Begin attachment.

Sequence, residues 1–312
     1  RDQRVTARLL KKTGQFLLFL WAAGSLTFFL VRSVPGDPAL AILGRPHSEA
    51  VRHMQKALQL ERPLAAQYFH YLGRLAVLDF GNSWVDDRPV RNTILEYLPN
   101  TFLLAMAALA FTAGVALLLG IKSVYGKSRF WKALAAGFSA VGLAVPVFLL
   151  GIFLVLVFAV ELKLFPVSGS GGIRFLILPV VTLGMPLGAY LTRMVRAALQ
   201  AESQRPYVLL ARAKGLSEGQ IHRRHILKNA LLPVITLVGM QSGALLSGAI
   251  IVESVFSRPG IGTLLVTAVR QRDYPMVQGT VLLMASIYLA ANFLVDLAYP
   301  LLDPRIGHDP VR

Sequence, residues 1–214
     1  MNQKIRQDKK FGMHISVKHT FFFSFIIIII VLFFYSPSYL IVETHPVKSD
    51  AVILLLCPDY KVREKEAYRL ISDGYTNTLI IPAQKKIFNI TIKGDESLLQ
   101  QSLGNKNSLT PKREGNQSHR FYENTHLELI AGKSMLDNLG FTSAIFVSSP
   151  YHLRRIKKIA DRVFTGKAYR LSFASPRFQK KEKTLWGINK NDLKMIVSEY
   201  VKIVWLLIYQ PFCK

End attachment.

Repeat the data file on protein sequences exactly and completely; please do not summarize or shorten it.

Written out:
Sequence, residues 1–312
     1  RDQRVTARLL KKTGQFLLFL WAAGSLTFFL VRSVPGDPAL AILGRPHSEA
    51  VRHMQKALQL ERPLAAQYFH YLGRLAVLDF GNSWVDDRPV RNTILEYLPN
   101  TFLLAMAALA FTAGVALLLG IKSVYGKSRF WKALAAGFSA VGLAVPVFLL
   151  GIFLVLVFAV ELKLFPVSGS GGIRFLILPV VTLGMPLGAY LTRMVRAALQ
   201  AESQRPYVLL ARAKGLSEGQ IHRRHILKNA LLPVITLVGM QSGALLSGAI
   251  IVESVFSRPG IGTLLVTAVR QRDYPMVQGT VLLMASIYLA ANFLVDLAYP
   301  LLDPRIGHDP VR

Sequence, residues 1–214
     1  MNQKIRQDKK FGMHISVKHT FFFSFIIIII VLFFYSPSYL IVETHPVKSD
    51  AVILLLCPDY KVREKEAYRL ISDGYTNTLI IPAQKKIFNI TIKGDESLLQ
   101  QSLGNKNSLT PKREGNQSHR FYENTHLELI AGKSMLDNLG FTSAIFVSSP
   151  YHLRRIKKIA DRVFTGKAYR LSFASPRFQK KEKTLWGINK NDLKMIVSEY
   201  VKIVWLLIYQ PFCK